According to the NET translators notes:
This phrase may refer to an individual or to a church (or the church
at large). Some have suggested that the addressee is a Christian lady
named “Electa,” but the same word in v. 13 is clearly an adjective,
not a proper name. Others see the letter addressed to a Christian lady
named “Kyria” (first proposed by Athanasius) or to an unnamed
Christian lady. The internal evidence of 2 John clearly supports a
collective reference, however. In v. 6 the addressee is mentioned
using second person plural, and this is repeated in vv. 8, 10, and 12.
Only in v. 13 does the singular reappear. The uses in vv. 1 and 13 are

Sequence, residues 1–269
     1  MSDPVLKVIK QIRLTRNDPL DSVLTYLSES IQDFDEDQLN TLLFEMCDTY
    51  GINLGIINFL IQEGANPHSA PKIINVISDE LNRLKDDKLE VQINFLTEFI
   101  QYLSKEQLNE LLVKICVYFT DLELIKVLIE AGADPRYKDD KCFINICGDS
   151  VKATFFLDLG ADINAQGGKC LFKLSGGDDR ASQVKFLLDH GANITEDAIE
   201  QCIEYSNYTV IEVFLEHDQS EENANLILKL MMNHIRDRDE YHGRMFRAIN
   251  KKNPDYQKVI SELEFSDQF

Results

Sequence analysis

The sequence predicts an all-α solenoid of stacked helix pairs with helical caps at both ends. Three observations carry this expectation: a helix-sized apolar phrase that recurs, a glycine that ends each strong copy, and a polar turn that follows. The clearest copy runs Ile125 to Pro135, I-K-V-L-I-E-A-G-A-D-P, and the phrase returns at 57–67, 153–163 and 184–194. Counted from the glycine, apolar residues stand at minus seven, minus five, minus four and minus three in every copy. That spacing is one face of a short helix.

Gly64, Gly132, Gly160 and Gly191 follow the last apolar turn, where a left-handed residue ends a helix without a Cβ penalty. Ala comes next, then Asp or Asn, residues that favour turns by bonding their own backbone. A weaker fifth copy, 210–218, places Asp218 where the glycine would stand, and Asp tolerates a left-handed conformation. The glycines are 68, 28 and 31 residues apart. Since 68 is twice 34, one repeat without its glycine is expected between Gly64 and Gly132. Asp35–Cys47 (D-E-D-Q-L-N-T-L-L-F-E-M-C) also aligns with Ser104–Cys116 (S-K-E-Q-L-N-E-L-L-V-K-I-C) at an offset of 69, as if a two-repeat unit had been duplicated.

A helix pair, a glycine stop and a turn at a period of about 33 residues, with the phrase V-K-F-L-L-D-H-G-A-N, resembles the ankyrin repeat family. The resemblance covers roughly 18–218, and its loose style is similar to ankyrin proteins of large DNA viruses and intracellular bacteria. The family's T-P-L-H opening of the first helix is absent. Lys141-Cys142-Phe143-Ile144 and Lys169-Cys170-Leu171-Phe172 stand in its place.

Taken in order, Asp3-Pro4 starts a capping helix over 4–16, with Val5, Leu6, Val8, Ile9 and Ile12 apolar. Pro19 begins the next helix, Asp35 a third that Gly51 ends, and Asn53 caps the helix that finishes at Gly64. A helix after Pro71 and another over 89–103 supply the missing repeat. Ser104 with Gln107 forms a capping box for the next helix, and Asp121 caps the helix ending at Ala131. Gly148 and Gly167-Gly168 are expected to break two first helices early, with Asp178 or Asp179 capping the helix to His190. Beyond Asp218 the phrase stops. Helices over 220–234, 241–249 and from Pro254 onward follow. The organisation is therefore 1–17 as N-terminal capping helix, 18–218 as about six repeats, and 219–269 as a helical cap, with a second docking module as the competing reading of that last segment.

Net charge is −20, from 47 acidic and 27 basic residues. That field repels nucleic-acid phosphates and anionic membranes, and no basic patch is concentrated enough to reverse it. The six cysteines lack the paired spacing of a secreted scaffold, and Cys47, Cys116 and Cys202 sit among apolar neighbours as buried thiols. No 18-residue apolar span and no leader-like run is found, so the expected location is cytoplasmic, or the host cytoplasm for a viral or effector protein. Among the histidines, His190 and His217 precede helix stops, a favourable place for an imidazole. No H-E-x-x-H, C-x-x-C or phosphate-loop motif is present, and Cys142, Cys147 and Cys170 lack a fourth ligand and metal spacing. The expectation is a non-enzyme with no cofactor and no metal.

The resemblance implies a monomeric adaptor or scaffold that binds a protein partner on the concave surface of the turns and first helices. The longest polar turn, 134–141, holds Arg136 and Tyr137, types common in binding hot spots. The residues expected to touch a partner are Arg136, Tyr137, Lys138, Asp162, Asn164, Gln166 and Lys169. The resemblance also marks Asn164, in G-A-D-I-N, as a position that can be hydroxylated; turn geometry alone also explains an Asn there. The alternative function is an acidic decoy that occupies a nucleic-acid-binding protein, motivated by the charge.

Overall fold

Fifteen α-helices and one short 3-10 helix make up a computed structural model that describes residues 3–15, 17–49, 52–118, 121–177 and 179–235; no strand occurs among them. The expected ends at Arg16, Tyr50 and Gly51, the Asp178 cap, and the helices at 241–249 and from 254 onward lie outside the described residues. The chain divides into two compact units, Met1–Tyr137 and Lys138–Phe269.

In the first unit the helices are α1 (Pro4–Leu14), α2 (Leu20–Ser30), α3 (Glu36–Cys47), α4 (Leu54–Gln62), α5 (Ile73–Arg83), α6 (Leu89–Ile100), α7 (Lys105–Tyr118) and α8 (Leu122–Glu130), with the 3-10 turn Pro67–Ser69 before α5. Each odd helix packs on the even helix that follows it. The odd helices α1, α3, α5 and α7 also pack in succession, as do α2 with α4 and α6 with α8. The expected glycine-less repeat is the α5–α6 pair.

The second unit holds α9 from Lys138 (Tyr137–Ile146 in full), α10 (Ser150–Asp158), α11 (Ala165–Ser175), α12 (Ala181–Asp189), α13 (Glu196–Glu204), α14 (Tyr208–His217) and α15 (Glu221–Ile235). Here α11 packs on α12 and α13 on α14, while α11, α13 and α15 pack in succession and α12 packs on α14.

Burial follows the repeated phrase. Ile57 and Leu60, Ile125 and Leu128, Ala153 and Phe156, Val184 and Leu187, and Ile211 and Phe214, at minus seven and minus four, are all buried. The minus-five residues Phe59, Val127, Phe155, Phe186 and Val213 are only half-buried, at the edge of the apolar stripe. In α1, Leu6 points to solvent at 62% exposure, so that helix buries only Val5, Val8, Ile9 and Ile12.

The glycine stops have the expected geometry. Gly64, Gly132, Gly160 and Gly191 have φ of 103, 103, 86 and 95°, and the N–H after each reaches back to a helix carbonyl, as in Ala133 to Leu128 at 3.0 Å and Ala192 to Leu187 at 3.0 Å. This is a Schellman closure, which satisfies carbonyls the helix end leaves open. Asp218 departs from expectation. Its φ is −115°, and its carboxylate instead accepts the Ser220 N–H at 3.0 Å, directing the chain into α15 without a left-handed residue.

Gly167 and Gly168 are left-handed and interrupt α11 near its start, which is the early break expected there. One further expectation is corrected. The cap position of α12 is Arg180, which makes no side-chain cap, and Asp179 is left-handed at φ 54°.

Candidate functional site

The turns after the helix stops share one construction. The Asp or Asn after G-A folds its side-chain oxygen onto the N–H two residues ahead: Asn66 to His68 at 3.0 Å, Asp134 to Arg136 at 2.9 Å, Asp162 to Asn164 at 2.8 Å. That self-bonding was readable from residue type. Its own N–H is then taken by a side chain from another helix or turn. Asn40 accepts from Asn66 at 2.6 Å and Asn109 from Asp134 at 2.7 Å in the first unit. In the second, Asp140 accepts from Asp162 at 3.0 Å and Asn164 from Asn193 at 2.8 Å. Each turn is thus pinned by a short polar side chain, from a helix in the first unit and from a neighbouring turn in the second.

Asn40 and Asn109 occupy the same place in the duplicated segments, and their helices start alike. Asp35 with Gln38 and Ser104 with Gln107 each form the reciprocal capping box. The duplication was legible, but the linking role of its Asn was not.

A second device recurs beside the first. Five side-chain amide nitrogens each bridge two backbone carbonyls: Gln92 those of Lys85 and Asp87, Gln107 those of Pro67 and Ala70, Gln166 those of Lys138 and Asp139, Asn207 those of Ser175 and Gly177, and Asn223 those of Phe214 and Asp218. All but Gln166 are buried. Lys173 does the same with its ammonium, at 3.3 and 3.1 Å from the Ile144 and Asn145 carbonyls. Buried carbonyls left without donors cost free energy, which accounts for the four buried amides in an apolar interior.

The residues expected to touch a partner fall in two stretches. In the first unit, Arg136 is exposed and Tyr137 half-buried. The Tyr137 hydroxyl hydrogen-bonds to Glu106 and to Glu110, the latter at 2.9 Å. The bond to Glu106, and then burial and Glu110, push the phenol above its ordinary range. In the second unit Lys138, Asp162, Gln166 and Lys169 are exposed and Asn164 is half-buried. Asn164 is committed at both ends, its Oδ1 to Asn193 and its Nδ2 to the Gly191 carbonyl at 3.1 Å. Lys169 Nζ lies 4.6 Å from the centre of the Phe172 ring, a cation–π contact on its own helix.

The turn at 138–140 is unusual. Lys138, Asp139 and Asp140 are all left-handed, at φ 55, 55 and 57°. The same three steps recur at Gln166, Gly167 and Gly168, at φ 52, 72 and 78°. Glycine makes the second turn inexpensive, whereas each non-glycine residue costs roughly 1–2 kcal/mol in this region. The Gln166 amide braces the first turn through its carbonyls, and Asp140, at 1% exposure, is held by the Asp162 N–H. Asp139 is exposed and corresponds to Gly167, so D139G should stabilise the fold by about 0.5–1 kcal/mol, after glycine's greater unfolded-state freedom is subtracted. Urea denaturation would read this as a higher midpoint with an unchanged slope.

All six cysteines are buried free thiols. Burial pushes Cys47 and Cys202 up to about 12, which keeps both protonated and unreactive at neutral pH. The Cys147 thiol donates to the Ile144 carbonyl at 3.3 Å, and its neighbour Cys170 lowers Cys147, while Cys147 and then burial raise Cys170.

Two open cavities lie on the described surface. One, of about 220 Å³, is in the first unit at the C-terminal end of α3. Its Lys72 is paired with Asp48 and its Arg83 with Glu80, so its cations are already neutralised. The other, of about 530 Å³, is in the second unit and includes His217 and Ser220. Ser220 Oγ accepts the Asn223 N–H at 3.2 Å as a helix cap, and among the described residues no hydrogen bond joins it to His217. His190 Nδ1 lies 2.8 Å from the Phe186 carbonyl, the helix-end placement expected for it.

most likely collective. Some have seen a reference to the church at
large, but v. 13, referring to “the children of your elect sister” is
hard to understand if the universal church is in view. Thus the most
probable explanation is that the “elect lady” is a particular local
church at some distance from where the author is located.
A bible.org commentary further points out it is unlikely that the letter was written to an anonymous female recipient because St. John's third letter is made out to a specific recipient whose name is given (Gaius), so this would certainly not be a pattern for St. John.
Due to the fact that "elect/chosen lady" (ἐκλεκτῇ κυρίᾳ) is used with plural verbs in the majority of appearances (vv. 6, 8, 10, and 12) and the instances where it is not could still be understood as having a plural referent without a contradiction in meaning (vv. 1 and 13), it seems most likely that the "elect lady" is a collective reference, most likely to an unspecified church/group of believers.